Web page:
When Do People “living together” become Spouses?

It is easy enough to tell when people are married: there was a ceremony. And, if they forgot the date; it’s on the marriage certificate.

But, what about couples who live together? It starts out for a few days, then a few weeks, then it’s months, and after a while it can become years. So, at some particular point in time, the “couple became spouses”. That is significant for support purposes and other rights under the Family Law Act, and the Succession Law Reform Act. It is also significant for tax purposes, government and company benefits, the division of property between parties, and other related purposes.

For some reason, this is a very, very difficult legal determination and has troubled Judges for centuries.

Judge S.R. Kurisko in Molodowich v. Penttinen, reviewed the law concerning cohabitation, conjugal relationships, living-together, matrimonial amenities, desertion, and consortium and found a great deal of difficulty coming up with a final conclusive all-encompassing definition. In brief, “it depends upon the circumstances”.

Here are some principles he came up with in 1980, which were later viewed with approval by the Supreme Court of Canada in the M v. H case in 1999:

“I propose to consolidate the statements just quoted by considering the facts and circumstances of this case with the guidance of a series of questions listed under the seven descriptive components involved, to varying degrees and combinations, in the complex group of human inter-relationships broadly described by the words “cohabitation” and “consortium”:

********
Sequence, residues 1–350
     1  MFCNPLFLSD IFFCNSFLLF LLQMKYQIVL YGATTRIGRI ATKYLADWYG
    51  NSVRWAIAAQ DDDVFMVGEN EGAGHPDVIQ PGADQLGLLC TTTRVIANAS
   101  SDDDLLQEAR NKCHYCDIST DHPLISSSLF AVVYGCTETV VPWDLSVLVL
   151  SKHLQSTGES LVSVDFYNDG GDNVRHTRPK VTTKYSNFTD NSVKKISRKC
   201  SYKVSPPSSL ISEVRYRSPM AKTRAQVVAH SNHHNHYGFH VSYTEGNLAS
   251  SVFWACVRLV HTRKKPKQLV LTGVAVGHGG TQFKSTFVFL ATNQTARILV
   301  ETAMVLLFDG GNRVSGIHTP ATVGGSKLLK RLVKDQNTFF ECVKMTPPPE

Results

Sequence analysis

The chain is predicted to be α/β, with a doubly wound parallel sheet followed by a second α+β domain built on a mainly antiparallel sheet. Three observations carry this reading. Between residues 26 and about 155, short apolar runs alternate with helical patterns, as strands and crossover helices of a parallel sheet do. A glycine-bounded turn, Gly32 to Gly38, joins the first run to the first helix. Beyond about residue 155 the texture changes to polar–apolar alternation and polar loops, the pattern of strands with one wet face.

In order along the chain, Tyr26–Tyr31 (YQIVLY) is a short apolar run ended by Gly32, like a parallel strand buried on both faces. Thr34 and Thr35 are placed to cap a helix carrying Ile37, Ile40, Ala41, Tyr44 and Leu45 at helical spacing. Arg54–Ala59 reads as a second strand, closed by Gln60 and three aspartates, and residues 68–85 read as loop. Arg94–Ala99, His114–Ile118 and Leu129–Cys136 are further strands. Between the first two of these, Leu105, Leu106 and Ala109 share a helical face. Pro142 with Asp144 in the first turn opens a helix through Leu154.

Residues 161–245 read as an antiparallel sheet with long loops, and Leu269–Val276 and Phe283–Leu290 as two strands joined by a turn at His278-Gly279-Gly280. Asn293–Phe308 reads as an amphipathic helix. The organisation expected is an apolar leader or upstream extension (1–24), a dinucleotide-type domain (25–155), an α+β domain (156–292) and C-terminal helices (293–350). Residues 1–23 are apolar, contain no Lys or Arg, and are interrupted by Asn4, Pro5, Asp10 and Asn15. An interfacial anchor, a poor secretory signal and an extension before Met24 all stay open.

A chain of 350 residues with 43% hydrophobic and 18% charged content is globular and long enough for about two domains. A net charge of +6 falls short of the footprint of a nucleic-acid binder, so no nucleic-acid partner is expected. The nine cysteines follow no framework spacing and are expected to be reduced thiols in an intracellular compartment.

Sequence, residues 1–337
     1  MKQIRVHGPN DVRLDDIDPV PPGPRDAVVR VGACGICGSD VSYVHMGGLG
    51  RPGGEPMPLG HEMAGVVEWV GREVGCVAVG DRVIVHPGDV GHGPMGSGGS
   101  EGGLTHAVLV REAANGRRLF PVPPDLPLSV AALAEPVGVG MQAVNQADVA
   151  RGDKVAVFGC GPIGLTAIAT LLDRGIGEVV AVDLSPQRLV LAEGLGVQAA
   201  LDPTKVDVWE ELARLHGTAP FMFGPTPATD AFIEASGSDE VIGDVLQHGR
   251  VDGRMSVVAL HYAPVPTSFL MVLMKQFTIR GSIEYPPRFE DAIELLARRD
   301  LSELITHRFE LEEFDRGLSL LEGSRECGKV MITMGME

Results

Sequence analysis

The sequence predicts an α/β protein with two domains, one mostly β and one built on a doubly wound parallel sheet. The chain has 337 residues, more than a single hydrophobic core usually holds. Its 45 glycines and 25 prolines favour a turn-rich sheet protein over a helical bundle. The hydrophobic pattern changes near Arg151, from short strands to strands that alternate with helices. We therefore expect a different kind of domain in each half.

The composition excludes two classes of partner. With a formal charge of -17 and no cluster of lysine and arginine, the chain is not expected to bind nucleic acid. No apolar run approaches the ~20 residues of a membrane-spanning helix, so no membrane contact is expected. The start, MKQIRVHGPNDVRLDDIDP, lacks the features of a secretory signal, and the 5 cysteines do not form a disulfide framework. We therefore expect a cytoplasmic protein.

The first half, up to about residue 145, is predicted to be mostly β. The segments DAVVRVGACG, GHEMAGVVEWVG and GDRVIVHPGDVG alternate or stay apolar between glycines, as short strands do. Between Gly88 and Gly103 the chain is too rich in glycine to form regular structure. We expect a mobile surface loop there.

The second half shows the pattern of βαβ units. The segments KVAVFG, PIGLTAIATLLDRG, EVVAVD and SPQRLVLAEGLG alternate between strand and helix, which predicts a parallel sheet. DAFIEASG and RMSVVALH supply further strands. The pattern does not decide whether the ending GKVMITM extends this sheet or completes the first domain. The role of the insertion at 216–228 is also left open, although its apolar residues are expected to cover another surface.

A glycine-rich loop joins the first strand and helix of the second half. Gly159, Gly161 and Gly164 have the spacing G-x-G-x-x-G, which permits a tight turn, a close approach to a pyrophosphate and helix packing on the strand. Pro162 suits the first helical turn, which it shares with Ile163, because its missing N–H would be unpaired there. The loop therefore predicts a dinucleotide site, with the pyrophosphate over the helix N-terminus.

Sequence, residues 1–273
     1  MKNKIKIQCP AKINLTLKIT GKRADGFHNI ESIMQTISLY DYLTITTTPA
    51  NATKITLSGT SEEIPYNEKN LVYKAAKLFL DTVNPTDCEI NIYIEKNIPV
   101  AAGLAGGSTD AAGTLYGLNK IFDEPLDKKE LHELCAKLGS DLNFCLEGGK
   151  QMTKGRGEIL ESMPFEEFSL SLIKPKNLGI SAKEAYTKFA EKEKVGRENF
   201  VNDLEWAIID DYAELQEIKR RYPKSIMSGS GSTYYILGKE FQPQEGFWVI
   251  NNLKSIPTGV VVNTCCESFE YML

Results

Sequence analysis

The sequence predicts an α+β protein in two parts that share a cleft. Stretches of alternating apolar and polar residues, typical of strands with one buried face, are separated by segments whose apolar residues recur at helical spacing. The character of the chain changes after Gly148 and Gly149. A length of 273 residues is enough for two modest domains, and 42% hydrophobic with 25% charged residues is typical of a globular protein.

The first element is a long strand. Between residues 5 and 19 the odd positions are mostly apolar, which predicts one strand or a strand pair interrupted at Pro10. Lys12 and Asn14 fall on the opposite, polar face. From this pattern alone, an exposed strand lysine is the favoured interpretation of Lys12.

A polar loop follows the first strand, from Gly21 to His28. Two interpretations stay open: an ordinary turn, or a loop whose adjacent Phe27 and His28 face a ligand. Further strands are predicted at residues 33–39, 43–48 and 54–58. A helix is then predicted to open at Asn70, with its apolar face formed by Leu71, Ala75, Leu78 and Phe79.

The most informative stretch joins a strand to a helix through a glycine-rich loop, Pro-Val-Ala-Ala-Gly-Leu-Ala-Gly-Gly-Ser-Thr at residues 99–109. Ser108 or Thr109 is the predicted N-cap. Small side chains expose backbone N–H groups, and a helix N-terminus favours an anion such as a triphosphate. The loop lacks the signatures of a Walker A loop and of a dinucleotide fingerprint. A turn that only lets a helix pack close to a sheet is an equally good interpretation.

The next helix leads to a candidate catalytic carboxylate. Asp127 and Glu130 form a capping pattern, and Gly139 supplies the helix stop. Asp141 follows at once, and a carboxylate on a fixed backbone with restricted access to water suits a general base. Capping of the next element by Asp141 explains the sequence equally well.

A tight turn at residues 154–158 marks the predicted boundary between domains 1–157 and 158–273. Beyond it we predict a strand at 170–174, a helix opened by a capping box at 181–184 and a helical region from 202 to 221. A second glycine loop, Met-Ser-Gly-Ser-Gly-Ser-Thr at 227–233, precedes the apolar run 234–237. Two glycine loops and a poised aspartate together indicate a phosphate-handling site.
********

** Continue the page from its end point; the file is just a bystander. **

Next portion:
(a)Did the parties live under the same roof?
 (b)What were the sleeping arrangements?
 (c)Did anyone else occupy or share the available accommodation?
 (a)Did the parties have sexual relations?  If not, why not?
 (b)Did they maintain an attitude of fidelity to each other?
 (c)What were their feelings toward each other?
 (d)Did they communicate on a personal level?
 (e)Did they eat their meals together?
 (f)What, if anything, did they do to assist each other with problems or during illness?
 (g)Did they buy gifts for each other on special occasions?
  What was the conduct and habit of the parties in relation to:
 (a)Preparation of meals,
 (b)Washing and mending clothes,
 (d)Household maintenance,
 (e)Any other domestic services?
 (a)Did they participate together or separately in neighbourhood and community activities?
 (b)What was the relationship and conduct of each of them towards members of their respective families and how did such families behave towards the parties?
  What was the attitude and conduct of the community towards each of them and as a couple?
 (a)What were the financial arrangements between the parties regarding the provision of or contribution towards the necessaries of life (food, clothing, shelter, recreation, etc.)?
 (b)What were the arrangements concerning the acquisition and ownership of property?
 (c)Was there any special financial arrangement between them which both agreed would be determinant of their overall relationship?
  What was the attitude and conduct of the parties concerning children?”

Naturally, each case is different and the weighting associated with these various aspects of “married life” will vary from case to case, but that was at least a somewhat comprehensive list of relevant matters to raise in order to answer the question: are these people spouses?

If there are a sufficient number of positive responses then the answer will be “yes” and a good number of legal rights will flow from that conclusion.

Brian Madigan LL.B., Broker


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